For Jennifer Dodson, affordable health care is not merely personal — it’s a matter of life and death.

“I have conditions where if I can’t have preventive exams, it could mean an early death for me,” Dodson told the crowd of participants in Saturday’s nationwide March for Health, her voice breaking. “I feel personally attacked.”

Dodson was not alone in her distress over the recent offensive on the Affordable Care Act. Some 60 people, from children to the elderly, joined her in a peaceful, repeated march around the Cameron Park block, holding signs reading, “Healthcare before warfare” and “Life is a preexisting condition” while chanting “ACA is under attack, what do we do? Stand up, fight back.”

The event was co-organized by Dodson and Lenora Parr in conjunction with the newly founded La Crosse branch of pro-inclusion, anti-Trump organization Indivisible, whose motto is “to organize locally to ensure that our members of congress vote to oppose the racist, sexist, xenophobic agenda put forth by Trump.”

Dodson and Parr extended an invitation to the march to area conservatives, including Scott Walker and Ron Johnson, in keeping with the group’s non-partisan identity, but received no response. While several local healthcare providers also declined to attend, physician Larry Waite marched with wife Corkey.

“We’re intensely grateful to have healthcare,” said Larry, who often serves patients without insurance. “It’s part of our responsibility as citizens to advocate for them.”

“We share the world with 7 billion of our dearest friends,” Corkey agreed. “We are responsible for each other.”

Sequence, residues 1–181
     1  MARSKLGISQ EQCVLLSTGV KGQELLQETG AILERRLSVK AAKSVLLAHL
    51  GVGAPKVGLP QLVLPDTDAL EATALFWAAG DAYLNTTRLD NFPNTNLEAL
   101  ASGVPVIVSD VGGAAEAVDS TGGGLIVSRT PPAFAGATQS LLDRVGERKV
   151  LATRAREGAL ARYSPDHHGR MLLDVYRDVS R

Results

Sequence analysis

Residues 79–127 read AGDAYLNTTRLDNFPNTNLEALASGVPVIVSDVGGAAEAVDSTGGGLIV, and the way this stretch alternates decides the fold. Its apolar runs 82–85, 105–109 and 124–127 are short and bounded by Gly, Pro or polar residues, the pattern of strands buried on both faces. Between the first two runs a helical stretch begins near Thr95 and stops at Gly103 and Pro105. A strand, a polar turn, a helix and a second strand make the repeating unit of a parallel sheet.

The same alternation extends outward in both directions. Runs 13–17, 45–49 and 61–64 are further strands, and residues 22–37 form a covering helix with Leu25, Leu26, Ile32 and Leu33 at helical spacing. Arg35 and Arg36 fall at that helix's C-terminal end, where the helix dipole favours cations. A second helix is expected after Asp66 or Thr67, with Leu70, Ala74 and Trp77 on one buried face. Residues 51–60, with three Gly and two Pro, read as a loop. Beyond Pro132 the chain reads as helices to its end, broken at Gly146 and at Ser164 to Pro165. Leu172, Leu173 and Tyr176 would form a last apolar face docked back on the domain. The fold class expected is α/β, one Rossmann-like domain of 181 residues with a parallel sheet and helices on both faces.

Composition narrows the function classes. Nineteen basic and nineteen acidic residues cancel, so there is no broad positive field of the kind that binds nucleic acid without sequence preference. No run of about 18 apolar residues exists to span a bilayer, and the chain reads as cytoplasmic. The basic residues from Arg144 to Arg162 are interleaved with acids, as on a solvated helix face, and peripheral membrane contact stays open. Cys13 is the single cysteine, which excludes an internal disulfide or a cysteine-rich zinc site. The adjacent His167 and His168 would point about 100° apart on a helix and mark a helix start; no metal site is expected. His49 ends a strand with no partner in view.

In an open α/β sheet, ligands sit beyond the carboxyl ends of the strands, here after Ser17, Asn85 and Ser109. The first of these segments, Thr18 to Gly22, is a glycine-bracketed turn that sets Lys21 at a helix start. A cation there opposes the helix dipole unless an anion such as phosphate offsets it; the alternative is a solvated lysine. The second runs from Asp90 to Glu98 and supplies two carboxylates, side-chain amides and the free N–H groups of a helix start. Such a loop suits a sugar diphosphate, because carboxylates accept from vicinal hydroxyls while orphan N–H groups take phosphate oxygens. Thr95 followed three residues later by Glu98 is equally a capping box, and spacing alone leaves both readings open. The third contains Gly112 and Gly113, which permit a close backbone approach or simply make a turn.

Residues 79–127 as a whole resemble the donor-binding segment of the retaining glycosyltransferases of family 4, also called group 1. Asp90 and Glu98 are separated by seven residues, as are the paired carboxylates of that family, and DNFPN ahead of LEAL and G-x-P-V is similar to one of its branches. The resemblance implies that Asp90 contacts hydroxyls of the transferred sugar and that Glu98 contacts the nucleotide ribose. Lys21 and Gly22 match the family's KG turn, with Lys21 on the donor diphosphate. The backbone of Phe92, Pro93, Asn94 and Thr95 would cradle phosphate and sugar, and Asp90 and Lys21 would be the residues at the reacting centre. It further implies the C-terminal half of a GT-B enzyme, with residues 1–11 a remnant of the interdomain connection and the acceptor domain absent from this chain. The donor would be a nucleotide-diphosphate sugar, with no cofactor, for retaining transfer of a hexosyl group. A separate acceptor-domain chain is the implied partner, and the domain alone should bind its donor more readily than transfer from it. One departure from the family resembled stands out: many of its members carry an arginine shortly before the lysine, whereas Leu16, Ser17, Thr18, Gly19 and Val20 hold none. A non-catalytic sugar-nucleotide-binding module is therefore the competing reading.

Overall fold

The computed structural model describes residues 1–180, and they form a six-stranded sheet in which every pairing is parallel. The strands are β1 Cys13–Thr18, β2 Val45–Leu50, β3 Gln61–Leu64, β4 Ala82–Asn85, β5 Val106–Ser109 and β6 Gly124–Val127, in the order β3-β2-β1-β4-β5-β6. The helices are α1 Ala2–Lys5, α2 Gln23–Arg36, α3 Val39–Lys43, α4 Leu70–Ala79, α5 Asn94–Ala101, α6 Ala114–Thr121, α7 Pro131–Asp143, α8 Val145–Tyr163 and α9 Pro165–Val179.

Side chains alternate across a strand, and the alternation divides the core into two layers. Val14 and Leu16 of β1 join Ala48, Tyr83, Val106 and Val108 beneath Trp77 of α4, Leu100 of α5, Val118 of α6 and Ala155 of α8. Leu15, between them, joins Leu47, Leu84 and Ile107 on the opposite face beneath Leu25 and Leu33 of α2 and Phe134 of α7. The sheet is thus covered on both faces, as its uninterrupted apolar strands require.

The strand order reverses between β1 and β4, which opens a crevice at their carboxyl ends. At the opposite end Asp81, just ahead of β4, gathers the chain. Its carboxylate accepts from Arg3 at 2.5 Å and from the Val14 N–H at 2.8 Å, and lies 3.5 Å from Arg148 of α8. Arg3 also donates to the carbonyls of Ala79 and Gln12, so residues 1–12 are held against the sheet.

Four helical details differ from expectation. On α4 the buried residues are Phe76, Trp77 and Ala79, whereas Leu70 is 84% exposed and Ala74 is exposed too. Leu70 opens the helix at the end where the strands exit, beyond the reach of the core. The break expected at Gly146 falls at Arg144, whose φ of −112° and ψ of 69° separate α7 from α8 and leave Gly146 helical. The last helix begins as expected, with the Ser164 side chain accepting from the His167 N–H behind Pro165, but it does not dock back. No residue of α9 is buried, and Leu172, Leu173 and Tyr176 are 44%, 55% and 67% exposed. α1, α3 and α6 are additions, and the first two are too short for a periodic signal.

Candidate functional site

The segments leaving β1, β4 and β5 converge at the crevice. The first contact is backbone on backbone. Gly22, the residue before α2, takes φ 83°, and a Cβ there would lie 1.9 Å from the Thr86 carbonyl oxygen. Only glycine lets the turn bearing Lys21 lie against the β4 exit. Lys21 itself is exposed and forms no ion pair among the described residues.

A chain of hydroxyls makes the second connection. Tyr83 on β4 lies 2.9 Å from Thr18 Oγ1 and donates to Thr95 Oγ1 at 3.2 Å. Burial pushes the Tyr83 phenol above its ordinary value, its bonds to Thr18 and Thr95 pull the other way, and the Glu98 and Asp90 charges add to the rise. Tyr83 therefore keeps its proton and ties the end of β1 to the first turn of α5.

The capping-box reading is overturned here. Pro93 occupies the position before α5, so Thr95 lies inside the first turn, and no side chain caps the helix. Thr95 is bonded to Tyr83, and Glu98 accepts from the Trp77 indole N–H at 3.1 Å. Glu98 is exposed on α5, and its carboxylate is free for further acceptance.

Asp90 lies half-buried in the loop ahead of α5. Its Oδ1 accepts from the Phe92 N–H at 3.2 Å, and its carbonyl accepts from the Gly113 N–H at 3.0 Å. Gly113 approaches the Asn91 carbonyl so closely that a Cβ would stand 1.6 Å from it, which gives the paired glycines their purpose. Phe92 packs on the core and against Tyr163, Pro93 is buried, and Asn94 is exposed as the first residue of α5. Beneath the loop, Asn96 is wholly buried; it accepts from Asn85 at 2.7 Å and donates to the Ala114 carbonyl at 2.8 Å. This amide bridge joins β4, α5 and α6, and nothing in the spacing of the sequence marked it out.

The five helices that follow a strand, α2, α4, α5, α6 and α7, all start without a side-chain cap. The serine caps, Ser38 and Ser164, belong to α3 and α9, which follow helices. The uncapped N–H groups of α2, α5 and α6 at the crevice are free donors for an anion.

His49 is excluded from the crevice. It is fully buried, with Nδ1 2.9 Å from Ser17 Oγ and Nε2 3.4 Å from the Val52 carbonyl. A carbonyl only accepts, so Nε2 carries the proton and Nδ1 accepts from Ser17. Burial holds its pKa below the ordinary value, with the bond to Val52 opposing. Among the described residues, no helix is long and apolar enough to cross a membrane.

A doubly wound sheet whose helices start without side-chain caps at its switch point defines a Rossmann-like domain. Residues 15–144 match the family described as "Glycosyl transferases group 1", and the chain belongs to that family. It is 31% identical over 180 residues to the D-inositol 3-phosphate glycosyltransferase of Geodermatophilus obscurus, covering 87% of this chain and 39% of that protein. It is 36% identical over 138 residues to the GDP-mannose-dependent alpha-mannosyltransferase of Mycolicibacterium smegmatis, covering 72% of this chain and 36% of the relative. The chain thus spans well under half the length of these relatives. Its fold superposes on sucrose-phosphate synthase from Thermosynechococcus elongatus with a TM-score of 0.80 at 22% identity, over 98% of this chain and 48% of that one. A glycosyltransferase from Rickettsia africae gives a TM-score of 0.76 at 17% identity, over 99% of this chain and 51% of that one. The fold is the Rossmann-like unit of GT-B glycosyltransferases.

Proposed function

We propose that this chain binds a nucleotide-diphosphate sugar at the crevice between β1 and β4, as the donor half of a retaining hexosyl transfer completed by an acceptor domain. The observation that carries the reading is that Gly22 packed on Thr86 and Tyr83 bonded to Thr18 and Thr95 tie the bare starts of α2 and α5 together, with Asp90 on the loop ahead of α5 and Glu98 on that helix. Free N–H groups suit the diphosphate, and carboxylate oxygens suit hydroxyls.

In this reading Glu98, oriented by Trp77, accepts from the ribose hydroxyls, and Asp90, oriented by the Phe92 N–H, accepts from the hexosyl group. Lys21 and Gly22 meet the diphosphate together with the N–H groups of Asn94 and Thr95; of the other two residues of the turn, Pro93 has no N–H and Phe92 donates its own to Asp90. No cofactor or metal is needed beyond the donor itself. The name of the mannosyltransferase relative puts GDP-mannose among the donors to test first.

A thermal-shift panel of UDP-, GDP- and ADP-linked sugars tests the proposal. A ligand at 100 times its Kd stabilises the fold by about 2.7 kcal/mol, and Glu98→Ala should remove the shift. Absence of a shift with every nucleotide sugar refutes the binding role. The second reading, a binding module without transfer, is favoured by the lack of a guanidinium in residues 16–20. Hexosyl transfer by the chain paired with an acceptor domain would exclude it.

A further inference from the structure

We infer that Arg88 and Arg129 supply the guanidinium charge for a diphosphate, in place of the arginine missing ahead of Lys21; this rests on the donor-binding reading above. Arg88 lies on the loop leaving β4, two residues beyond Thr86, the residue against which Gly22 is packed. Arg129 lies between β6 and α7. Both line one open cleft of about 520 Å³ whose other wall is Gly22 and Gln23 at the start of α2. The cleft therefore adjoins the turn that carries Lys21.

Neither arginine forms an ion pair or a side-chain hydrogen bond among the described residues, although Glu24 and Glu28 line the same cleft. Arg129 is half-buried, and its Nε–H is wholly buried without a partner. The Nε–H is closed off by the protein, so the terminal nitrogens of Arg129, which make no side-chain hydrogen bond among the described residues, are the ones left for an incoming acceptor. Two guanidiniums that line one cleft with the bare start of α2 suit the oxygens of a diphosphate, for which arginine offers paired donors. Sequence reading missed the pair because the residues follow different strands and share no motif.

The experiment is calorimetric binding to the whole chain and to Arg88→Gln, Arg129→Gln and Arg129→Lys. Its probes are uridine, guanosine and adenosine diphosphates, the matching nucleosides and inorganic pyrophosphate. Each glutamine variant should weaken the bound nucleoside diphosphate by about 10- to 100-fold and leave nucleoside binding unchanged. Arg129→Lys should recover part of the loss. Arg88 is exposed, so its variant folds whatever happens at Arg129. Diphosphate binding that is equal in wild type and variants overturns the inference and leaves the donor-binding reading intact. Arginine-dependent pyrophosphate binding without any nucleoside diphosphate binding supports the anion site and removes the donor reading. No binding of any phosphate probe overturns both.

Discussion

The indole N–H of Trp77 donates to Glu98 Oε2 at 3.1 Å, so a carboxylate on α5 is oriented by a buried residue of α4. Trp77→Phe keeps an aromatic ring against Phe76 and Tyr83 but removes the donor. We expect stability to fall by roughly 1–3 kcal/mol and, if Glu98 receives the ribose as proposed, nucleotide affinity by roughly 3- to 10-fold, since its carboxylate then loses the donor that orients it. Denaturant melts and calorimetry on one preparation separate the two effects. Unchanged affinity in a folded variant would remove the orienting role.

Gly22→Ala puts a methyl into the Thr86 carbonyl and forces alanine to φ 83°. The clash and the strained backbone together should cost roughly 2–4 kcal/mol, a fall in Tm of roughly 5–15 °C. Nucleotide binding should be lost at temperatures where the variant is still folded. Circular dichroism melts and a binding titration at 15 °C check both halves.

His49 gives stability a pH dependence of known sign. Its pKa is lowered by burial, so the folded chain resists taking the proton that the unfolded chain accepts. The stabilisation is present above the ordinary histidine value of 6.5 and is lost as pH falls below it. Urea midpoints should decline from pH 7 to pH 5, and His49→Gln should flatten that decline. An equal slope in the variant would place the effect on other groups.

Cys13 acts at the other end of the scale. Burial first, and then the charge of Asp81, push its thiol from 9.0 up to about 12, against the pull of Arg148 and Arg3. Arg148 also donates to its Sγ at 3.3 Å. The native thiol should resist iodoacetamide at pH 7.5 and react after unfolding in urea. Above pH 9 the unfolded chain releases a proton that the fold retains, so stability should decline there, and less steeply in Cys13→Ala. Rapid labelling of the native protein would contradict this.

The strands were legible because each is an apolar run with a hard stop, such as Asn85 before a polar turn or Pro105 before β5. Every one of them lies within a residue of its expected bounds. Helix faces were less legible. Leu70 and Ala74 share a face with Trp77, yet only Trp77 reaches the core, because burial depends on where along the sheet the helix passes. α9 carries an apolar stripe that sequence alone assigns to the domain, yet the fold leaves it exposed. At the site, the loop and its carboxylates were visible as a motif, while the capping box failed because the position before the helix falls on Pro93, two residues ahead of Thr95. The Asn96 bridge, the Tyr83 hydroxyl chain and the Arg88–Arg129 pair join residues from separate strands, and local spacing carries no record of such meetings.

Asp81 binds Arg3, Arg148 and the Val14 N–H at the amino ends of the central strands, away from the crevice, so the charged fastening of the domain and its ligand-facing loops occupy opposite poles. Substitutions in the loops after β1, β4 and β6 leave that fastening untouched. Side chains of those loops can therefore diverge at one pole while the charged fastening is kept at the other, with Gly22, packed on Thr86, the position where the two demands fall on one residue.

Parr is also insured through her employer but says a lack of healthcare has affected many in her circle and fears the inevitable next attempt to repeal the ACA. Dodson agrees the recent withdrawal of the legislation is not yet a victory, especially with the de-funding of Planned Parenthood.

“That is taking away necessary mammograms,” Dodson said. “They’re killing people when they’re actually supposed to be looking out for the betterment of the people.”

Micheal Sersch fears for the future of his children, Beatrice, 8, and Sebastian Nerud-Sersch, 10, and brought them to the march as part of his mission to keep them abreast of current issues.

“I’m very worried about my kids,” Sersch said. “If they lose healthcare, then everything goes.”

While the group received many appreciative waves and horn taps from passing cars, Parr says she received some doubt when organizing the march, and was disappointed her Conservative friends and family members chose not to partake.

“I had some people saying, ‘You can’t win this,’” Parr lamented. “But I can use my voice. I don’t think this is a Republican issue or a Democratic issue — it’s a human issue. We’re all in this together.”

For more information on Indivisible La Crosse, visit its Facebook page or email



Emily Pyrek covers human interest stories, local events and anything involving dogs for the La Crosse Tribune. She is always interested in story ideas and can be contacted at

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